Yin and the Art of Not Doing

I spent a lot of this early Autumn doing nothing. Lying down in bed, asleep or awake. Sitting very still in a chair in the sun. I had a disturbance of the inner ears, which made movement or concentration of any kind difficult. My doctor helpfully offered the word ‘disequilibrium’ to describe the brain confusion that resulted from any exertion. On the other hand, as long as I sat or lay absolutely still (and I was calibrated like a fine spirit level to know when this blissful moment arrived), I felt fine.


Not doing

Go deeper

Beyond not doing

No thought ripples the pond



My usual world of list-ticking business turned upside down. I cancelled things. The children ate baked beans. We all watched a lot of children’s TV. When the girls were at school, I sat in the sun and watched the blackbirds eat our unpicked grapes. My days became not a question of ‘How much can I get done?’ but ‘How softly can I be? How little can I disturb myself?’

I spent a lot of time musing about balance – or the lack of it – in my life, and in the world. The balance between being and doing. The balance of Yin and Yang.

Imagine a garden. Here are some of the things the gardener does: sowing, weeding, watering, thinning, killing pests, pruning, tying up, cutting down, harvesting, picking, mulching. All good and useful Yang Doing words.

Except, as yet, there are no plants. Not until we add the Yin words, the ones that (at the risk of sounding like Neil from The Young Ones) nature does for us: incubating, germinating, sprouting, rooting, growing, budding, blossoming, fruiting, decaying, composting.

We cannot make our garden without any of these things. Sometimes we have to do something, but we also have to trust, to wait, to notice, to accommodate, and simply celebrate and be grateful. Or, at times, to surrender and accept our losses. These are all Yin qualities of Being.

In my life, and in our culture, the Yang qualities are so much more celebrated, that the Yin ones can feel invisible. They are also mistakenly thought of as passive. Is a seed lying in the ground, waiting for its exact moment to explode into life, passive? Or do we just not know what it’s up to? What about a flower offering itself up to be pollinated?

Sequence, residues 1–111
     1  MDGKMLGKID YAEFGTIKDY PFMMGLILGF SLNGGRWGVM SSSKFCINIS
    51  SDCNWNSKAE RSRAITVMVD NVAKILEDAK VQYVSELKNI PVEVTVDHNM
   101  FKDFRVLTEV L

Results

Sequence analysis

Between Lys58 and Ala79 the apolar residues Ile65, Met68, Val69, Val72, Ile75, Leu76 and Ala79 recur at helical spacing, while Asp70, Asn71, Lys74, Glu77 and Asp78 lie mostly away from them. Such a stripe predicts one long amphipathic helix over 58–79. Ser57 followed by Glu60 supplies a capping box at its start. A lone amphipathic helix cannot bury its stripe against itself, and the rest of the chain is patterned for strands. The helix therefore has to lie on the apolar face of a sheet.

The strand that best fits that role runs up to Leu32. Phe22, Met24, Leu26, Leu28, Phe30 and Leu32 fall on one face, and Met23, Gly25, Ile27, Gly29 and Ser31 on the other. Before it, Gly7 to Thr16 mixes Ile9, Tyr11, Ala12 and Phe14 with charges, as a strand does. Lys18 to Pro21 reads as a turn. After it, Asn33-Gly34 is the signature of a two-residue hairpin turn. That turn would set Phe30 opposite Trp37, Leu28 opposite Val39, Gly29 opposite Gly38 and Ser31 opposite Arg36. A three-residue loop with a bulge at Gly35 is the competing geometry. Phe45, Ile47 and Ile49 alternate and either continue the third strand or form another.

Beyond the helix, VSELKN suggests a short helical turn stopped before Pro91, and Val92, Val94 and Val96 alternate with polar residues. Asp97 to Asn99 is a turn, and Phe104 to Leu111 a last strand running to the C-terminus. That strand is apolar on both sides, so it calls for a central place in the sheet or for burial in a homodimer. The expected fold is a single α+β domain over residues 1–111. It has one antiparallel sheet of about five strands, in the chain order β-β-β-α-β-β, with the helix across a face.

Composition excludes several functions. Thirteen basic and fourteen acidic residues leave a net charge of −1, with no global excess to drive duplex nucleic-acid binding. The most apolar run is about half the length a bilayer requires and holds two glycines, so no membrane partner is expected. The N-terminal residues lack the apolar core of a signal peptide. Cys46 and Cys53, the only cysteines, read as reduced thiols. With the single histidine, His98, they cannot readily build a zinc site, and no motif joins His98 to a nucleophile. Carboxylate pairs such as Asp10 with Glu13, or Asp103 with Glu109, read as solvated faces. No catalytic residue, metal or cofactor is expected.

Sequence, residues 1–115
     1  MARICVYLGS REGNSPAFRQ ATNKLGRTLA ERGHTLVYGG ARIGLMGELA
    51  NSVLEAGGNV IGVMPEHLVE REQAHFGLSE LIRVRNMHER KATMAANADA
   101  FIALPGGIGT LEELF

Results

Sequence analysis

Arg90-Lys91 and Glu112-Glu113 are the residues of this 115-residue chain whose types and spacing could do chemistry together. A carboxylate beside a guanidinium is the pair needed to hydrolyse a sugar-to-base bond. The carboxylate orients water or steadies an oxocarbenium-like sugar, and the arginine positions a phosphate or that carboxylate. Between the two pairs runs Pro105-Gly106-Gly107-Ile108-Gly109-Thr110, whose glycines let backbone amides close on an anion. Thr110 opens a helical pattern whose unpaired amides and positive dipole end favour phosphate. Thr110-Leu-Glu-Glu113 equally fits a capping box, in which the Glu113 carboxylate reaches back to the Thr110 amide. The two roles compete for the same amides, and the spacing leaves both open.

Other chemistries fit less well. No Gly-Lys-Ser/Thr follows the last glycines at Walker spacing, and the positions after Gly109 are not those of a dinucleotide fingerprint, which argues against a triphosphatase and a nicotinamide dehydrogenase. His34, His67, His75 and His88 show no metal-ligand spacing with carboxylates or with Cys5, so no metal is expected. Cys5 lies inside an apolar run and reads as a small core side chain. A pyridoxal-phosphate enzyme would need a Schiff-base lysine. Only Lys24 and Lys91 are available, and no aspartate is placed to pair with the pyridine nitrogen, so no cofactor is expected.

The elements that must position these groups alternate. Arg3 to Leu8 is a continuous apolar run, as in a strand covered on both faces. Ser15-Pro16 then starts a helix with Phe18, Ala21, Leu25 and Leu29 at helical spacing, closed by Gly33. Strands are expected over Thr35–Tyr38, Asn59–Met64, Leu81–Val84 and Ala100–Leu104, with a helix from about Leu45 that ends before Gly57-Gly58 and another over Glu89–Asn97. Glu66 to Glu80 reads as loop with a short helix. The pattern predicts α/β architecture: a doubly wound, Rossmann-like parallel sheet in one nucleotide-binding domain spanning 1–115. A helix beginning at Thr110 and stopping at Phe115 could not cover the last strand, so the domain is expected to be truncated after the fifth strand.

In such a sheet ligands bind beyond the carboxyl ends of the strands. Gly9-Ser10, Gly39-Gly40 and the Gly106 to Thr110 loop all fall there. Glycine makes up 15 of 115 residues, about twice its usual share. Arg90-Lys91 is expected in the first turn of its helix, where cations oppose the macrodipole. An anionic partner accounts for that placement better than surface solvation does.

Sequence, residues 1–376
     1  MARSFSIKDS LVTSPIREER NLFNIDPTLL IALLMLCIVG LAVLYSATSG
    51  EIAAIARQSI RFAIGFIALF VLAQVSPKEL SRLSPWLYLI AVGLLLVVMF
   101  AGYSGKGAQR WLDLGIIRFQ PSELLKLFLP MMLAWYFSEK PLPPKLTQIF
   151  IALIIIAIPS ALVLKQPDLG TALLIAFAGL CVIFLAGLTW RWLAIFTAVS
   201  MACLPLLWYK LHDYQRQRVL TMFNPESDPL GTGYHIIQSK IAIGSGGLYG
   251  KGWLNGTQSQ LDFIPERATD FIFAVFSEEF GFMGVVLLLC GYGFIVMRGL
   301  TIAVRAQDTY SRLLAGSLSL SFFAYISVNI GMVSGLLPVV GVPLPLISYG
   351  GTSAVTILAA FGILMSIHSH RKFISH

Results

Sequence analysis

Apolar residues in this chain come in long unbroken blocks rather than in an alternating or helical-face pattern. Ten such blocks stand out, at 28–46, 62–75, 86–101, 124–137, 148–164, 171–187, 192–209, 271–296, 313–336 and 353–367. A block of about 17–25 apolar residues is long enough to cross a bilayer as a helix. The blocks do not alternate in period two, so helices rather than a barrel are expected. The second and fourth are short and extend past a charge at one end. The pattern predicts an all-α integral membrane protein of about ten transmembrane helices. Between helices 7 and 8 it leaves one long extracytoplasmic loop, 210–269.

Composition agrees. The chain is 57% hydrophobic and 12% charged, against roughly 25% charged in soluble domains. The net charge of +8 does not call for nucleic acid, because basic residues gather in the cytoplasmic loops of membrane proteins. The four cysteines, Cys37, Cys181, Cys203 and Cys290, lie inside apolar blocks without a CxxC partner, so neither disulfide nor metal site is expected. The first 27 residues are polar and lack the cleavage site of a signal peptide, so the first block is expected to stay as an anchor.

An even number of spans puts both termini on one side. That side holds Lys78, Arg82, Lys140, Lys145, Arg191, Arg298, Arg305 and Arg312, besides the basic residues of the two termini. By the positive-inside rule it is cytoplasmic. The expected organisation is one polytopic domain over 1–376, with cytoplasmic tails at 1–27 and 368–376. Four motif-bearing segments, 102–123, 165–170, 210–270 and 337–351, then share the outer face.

I find it sad that our culture is locked into economic progress and productivity that we are only really allowed to stop when we are ill (or dead!). We are like a garden that is constantly weeded, sprayed, fed and harvested, but not given any time to incubate, grow and blossom. What would the world look like if we could bloom into the exact shape and form that we naturally have, in our own time? What would we create, if we could allow our ideas real time to germinate? And, as a parent of tired children, I wonder what an education system that took this seriously would look like.

Now I am ‘better’ I am struggling to keep a sense of balance while I go back to the endless round of doing, and feeling that it’s not enough. Again!  And yet . . . sometimes I do remember, and I become a little more compassionate with myself, with my children, with friends being sleepy, or unproductive, or ill. And despite my conditioning (much like yours) to ‘Look busy, Jesus is coming!’ I am beginning to truly value my time ‘within’, and trying to live according to the terms of my own unfolding. It won’t pay the bills, it doesn’t bring success or prizes, because mostly the world isn’t set up to even notice. But perhaps it can bring something else – that lovely Yin word that speaks of a vessel brimming with essence: fulfilment.

So, amid the extra business of December, let’s raise a glass to doing nothing, resting, dawdling, day dreaming, procrastinating.  I give you full permission.  Let me know how it goes.








One Comment on “Yin and the Art of Not Doing”

  1. This is the yin season, as we spiral down down into winter, towards the centre of darkness – the turning point of the winter solstice. These are the days for reflecting and being still. Be well dear Jackie, your wise words are spiralling in me!

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